The youth population is not a homogenous group, and we cannot serve them well if we continue to adopt a one-size-fits-all approach. We therefore plan to improve our understanding of our clients by undertaking a number of studies, including: a disaggregated study of the youth population to be able to adequately segment the various sub-groups in terms of location, level of education/skills, size, disposition, challenges etc.; a scoping study of the various interventions by different actors across sectors and tiers for us to have a comprehensive view of the landscape and ensure proper coordination and impact; a database of the unemployed youth in the country; and refocusing of the Youth Development Index, which was first and last published in 2008, to serve as a tool for tracking and advocacy.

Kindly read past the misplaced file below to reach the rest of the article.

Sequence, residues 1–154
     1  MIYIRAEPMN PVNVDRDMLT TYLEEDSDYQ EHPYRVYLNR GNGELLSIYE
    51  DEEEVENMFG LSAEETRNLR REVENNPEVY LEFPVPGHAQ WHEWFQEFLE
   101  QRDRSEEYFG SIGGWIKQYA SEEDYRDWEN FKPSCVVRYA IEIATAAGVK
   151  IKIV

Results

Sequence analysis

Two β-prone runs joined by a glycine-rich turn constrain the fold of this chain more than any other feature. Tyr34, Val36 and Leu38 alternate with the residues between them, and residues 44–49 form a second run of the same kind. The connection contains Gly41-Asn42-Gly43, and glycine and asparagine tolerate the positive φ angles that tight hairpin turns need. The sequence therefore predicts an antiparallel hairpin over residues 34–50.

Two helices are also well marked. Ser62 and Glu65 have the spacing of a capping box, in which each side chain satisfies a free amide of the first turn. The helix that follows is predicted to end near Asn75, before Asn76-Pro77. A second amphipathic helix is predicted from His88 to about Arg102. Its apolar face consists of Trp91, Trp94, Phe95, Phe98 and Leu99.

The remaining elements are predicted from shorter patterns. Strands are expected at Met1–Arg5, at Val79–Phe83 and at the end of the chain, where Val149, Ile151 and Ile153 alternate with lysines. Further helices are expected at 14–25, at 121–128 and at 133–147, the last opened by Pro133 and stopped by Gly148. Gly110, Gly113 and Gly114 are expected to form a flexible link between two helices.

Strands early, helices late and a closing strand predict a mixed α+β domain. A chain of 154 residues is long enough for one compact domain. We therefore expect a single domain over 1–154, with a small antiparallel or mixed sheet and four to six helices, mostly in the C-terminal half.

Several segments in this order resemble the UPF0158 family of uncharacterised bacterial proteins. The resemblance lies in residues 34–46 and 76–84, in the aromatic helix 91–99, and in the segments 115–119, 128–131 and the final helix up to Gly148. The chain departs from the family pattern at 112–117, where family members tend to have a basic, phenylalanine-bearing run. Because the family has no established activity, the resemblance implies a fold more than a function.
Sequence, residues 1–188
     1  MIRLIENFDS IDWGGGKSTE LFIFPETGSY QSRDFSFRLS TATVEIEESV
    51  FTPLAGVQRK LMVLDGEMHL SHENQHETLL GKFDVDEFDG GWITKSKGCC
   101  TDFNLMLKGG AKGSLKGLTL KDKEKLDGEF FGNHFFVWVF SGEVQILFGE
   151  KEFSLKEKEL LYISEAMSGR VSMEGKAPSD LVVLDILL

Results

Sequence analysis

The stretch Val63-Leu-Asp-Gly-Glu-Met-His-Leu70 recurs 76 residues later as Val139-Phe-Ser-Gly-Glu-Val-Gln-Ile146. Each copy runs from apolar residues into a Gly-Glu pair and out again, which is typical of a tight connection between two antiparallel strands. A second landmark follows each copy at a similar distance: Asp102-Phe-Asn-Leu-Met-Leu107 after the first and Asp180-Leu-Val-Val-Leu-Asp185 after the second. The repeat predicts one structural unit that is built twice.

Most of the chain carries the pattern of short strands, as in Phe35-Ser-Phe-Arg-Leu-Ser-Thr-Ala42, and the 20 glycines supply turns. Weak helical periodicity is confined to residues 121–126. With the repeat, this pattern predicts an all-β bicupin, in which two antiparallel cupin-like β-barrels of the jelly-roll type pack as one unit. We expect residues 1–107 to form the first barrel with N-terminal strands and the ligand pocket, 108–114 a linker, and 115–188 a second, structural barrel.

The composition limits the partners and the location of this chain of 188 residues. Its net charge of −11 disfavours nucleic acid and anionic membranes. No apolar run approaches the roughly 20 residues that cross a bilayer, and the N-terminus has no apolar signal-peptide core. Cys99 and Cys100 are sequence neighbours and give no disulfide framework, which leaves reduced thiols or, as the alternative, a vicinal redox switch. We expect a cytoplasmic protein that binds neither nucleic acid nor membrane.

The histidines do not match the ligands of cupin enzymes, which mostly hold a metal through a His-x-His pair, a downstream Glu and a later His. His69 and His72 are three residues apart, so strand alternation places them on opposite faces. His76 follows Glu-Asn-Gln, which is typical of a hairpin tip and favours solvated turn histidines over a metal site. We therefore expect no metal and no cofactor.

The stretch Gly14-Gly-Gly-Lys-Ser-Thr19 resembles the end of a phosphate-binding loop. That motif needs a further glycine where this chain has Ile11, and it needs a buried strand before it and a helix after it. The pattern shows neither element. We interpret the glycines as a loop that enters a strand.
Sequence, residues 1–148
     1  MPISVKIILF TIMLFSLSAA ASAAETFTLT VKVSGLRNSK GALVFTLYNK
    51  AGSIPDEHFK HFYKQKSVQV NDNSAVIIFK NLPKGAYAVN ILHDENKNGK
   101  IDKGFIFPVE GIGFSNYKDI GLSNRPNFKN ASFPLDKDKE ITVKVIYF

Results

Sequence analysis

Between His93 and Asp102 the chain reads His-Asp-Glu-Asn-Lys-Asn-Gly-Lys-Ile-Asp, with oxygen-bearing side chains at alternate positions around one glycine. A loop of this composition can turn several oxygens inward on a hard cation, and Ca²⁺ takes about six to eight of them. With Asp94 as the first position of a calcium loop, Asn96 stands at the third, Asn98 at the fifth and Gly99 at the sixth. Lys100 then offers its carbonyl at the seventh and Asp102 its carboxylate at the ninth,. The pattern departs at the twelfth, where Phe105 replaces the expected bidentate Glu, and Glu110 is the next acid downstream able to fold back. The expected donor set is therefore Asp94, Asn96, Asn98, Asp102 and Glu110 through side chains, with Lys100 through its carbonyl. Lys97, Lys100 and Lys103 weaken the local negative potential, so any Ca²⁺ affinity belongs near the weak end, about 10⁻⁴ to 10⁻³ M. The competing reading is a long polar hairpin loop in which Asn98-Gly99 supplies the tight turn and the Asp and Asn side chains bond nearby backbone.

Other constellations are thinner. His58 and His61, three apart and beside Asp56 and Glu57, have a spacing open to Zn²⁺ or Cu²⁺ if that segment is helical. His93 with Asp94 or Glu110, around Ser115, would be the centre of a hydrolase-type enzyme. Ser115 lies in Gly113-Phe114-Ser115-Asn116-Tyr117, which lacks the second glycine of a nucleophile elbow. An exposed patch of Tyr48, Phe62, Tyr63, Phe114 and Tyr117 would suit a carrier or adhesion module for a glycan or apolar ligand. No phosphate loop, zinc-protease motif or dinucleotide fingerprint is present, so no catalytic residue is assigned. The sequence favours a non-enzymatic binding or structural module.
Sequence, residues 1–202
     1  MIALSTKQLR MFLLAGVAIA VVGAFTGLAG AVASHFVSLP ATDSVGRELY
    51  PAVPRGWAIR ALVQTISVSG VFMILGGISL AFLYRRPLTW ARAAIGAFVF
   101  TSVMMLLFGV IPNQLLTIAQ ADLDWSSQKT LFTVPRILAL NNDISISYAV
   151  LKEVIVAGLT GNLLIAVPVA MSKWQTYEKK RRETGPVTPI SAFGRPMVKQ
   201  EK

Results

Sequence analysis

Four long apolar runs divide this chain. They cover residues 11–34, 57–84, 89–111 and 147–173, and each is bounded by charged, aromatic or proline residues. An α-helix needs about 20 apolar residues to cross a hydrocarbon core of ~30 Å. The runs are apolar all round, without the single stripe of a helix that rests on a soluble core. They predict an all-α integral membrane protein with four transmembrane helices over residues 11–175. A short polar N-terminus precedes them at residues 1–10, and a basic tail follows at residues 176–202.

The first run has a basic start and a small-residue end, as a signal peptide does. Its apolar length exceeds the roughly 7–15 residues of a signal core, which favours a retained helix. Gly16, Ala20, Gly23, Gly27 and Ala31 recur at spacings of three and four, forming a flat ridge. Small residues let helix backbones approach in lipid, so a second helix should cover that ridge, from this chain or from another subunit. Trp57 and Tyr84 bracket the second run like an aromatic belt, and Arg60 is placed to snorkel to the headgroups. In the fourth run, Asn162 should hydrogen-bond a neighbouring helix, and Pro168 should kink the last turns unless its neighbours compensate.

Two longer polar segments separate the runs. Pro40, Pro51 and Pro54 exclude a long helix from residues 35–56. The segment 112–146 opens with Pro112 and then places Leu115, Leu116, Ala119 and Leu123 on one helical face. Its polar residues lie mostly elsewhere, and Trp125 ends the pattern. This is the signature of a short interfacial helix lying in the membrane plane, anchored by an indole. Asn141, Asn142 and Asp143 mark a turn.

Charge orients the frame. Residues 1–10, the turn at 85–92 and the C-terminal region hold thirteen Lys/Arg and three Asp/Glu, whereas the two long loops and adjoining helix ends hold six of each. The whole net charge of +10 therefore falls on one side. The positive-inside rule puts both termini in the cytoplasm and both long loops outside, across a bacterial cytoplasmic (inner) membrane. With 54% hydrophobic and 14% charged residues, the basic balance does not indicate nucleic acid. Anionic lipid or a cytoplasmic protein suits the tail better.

5.     Repositioning the Ministry
We plan to reposition the Ministry because we need to redefine our role as a facilitator/coordinator, rather than as a service provider. This will entail not just a re-orientation and restructuring but the development of appropriate capacities for policy-making and research, for coordination and partnership, and for advocacy and communication. The Ministry needs to be fit-for- purpose and be positioned to serve the youth—its client—and the country better. This will entail institutional review and re-alignmeant.



Source: Federal Ministry of Youth Development